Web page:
A look at New Zealand’s affordable housing crisis and how house prices have changed relative to incomes over time. Video / Paul Slater
Jacinda Ardern says we need to approach the housing and rental crisis “in a principled framework that New Zealanders would be comfortable with.” This phrase still bothers me.
To start with, it looks like it’s not that the government doesn’t know what needs to be done, it just doesn’t want to upset some people by doing it.
We are a long way from the government which last year quickly took action, locking up New Zealand when Covid-19 struck. Things had to be done, so things were done.
Now things need to be done, but instead of doing them we are thinking about “frameworks of principle” whatever that means.
The thing about the effectiveness of the New Zealand government at the start of the pandemic last year is that it showed us what can be done when we put aside the bureaucracy and the bulls ** t to meet people’s immediate needs. The country has been praised for its swift and decisive action around the world, and we are delighted with the pride in this recognition. At home, we are not up to the task.
It cannot be invisible, it cannot be unlearned. We can’t go back to pretending that hard things can’t be done, that tough decisions can’t be made. We’ve seen that they can – that big and bold steps can be taken, almost overnight, to protect people when they need it.
Solving the housing crisis and the rental condition in New Zealand cannot be more difficult than shutting the country completely off from the rest of the world and itself. We did something very complex last year – we did it fast, we did it well.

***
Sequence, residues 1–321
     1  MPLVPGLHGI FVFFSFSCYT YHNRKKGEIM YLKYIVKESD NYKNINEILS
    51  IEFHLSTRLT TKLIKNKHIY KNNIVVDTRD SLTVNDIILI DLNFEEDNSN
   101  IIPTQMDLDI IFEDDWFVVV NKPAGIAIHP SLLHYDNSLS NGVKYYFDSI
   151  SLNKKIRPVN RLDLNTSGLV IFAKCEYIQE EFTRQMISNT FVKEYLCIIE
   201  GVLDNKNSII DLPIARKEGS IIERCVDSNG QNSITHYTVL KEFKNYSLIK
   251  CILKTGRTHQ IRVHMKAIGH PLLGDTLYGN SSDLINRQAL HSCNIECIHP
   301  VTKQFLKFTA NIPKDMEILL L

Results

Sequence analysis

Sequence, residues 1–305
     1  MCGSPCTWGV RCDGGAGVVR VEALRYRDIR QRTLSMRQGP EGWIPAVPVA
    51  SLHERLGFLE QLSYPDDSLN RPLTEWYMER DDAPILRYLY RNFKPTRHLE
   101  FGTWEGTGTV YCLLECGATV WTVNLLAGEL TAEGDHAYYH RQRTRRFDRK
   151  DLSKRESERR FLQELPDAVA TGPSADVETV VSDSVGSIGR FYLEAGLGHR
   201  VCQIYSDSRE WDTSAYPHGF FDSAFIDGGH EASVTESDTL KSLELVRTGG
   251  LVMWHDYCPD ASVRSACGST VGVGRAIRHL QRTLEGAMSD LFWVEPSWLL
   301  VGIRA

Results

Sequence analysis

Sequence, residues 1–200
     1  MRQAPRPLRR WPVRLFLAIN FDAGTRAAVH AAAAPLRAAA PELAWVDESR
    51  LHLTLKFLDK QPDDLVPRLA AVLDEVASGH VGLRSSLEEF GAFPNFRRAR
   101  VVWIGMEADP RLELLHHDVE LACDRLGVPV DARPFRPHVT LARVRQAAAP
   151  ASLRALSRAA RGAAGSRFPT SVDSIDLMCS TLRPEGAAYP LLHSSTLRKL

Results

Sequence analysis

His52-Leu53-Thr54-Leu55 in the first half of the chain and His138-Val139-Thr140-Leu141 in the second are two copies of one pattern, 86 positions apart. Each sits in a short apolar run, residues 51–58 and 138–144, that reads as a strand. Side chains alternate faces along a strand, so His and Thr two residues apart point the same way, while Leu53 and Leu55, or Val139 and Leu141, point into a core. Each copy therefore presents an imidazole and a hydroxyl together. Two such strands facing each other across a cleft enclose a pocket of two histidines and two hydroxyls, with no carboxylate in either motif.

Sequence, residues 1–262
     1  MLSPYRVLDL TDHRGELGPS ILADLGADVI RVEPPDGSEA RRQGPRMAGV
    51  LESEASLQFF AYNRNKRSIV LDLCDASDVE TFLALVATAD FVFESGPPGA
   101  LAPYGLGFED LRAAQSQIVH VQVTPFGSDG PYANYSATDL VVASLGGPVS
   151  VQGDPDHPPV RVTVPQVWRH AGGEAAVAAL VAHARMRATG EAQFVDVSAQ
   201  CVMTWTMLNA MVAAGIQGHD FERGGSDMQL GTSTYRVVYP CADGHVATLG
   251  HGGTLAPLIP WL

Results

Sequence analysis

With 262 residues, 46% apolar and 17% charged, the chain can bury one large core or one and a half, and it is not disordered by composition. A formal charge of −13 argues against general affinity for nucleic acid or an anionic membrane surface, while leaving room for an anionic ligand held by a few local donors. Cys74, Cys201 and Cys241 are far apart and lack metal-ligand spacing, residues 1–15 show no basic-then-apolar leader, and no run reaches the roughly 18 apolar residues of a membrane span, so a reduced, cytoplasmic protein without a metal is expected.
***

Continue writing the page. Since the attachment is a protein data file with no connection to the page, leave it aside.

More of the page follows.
A report yesterday revealed that eight in ten young New Zealanders have given up on the dream of owning a home – which wouldn’t be such terrifying news if we lived in a country where tenants are protected.
People are struggling to save ridiculous amounts for house deposits while paying skyrocketing rental prices for homes that are making them – and keeping them – sick. People can’t even pay rent, let alone dream of a mortgage. Those who can pay their weekly rent have no way of saving for a deposit on a home forever.
Tenants are constantly at risk of having to suddenly uproot their lives, at the whim of their landlord. Houses are cold, damp, moldy, and worse, out of reach. Children of tenants have no security, always at risk of being uprooted and having to change schools and communities. Hell, many don’t even get the chance to hang family photos on the wall, one of the hallmarks of making a home a home. We have embarrassing rates of asthma and other respiratory illnesses because our children breathe cold, humid air at home.
Worse yet, we have no hope that things will get better in our lifetime. Maybe not even our children’s. Tell me, what is a land without hope?
I can’t even get into the statistics because the numbers are heartbreaking, especially for a country that is seen as a country that cares about its people.
We don’t have time for “frameworks of principles”, for political jargon and “we are working on it” for idleness. It may not be a deadly virus, but it remains an emergency.
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This notice was published: 2021-07-23 19:55:30